Tuesday, October 15, 2013

Past and Future Travels

I've been looking for inspiration to write a post, lately, and was ready to just do a, "Look! Abby's Still Cute!" post (in case you're wondering: she is) but came across something tonight that rekindled an idea for something I've wanted to write about since January.  I wanted to write about what it was like, after giving birth.  How so many things, physically, mentally, and emotionally, were unexpected and unexpectedly hard.  And how it seems like no one talks about it.  Or, if they talk do talk about it, it just doesn't sink in to the expecting-parent brain, because it's clouded with gleeful anticipation for the coming bundle of joy.

That's not the post I want to write today, not entirely.  I have a laundry list of weirdo things that I experienced postpartum, and today I just want to touch the tip of the iceberg of one of them.  

Before I gave birth, I thought that I was probably predisposed to Postpartum Depression (PPD). I've never been Depressed (with a capital "D"), but have had bouts of melancholy and a little bit of a family history.  I wasn't too worried about it, though, because I knew I would be willing to get help.  Also, there's a difference between knowing intellectually that you might get Depressed after giving birth, and another actually going through it.  Having said that, I still don't think I had PPD, just a serious, lingering case of the "Baby Blues."

I'll write another time about how I cried at EVERY. THING.  One day, a brochure for Viking Cruises came in the mail (We get these all the time.  I don't know why.)  As Abby slept, I sat in the living room, flipping through the pages that described fanciful cruises through exotic European ports, and started sobbing.  We loved to travel.  What had we given up by having this baby?  We would never get to go on one of these cruises; never see these beautiful places.  I felt a tremendous sense of loss for our old life.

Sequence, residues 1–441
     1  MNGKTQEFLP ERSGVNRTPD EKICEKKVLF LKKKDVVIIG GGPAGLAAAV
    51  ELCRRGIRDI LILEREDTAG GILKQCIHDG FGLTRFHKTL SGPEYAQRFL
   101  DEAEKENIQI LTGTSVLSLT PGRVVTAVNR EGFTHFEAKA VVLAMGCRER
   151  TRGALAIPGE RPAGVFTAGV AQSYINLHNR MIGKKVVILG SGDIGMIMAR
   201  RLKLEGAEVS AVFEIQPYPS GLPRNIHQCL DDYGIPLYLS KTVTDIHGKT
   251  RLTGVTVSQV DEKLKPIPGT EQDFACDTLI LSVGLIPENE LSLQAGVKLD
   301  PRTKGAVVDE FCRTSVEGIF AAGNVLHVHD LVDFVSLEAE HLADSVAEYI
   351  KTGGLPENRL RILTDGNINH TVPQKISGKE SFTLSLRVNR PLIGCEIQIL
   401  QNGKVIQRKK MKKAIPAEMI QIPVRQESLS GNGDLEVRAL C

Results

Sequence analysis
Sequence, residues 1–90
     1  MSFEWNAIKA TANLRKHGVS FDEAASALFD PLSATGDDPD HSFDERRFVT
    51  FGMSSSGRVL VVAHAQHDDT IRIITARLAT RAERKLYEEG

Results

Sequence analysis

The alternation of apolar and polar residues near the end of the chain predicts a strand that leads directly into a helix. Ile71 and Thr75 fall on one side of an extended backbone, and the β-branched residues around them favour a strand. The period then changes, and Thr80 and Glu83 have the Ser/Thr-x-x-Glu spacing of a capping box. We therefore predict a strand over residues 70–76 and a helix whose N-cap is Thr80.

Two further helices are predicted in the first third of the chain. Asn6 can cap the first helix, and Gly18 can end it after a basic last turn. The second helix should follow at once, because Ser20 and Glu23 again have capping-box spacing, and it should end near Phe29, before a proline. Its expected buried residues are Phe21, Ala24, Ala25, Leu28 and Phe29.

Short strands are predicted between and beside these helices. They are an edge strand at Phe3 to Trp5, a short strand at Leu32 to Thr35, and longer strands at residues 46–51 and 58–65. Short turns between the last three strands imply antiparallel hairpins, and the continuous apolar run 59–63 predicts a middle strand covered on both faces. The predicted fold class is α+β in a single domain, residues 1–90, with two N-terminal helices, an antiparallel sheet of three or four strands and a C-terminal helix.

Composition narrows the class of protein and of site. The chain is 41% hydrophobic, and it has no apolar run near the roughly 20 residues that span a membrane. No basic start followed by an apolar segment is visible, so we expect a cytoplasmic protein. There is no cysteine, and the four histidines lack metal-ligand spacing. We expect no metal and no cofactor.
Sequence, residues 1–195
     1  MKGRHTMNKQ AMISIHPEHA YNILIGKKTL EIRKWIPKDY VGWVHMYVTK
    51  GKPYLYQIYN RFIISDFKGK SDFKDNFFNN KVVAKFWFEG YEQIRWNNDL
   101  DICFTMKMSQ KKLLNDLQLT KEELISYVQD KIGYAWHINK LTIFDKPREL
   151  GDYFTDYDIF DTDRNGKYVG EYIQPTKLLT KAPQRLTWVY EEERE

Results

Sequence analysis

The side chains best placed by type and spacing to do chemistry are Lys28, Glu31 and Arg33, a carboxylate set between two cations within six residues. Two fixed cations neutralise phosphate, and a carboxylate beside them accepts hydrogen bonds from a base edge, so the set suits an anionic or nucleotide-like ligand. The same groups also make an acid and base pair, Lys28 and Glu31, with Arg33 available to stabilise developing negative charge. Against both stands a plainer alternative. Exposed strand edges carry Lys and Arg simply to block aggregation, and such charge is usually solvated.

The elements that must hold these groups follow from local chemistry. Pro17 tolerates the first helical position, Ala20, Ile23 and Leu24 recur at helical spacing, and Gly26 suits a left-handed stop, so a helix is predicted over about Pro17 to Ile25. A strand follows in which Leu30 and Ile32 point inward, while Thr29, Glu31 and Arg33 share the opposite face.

Tonight, I went into our craft room to find some thread, and I stumbled upon my travel journal.

Artsy picture taken at Cafe Cubano in San Francisco with a tasty cafecito on the side.
This is a blank book my friend Liz gave me for Christmas from a market in Budapest when we visited her grandma there in December 2000.  Since I had just finished six-weeks student-teaching in London and spending weekends traveling through Europe, I decided to use the journal to keep track of where I had traveled and wanted to travel.  

I still use it to make plans for our trips, listing attractions and restaurants I'd like to visit, then going back and making notes about what we thought about them.  I also include super-helpful things like this highly-accurate map of England and Scotland:

When I came across it tonight, I flipped through it and stopped at the last filled in page from our trip to Germany.

And it's funny, because Nuremburg wasn't even the last place we went.  Like so many things, time caught up with me and I never finished planning the trip. The rest of it just...happened, I guess.  No more notes.

And that's the last big trip we took.  Our Baby Moon to Amish Country didn't even rate a page heading.

And that made me a little misty-eyed.  Remembering that trip, and thinking, as I had when I perused the Viking Cruise Brochure, that it would be a long time before we'd have a trip like that, again.

Then, I glanced up, and on the desk I saw this box of holiday cards, with a bold message on the front:

The best is yet to be.  It is here now and it keeps coming.  For all the challenges, sacrifices and exhaustion, I am generally happier than I've been in a long time.  And, while Kevin and I might never be the same "Us" we were before, I'd like to think that we still have the "Best Us" ahead of us.

PS. Here is proof that Abby is still cute:

1 comment:

  1. I had the same thing after Maddie. Not PPD, but definite baby blues. I had wanted her SO much, had waited SO long, and I felt horribly guilty for feeling so sad about getting what I wanted, especially when so many others were still trying. It was a hard time, but you're right, the best IS yet to come, and I've definitely had some of the happiest times of my life since I had kids.


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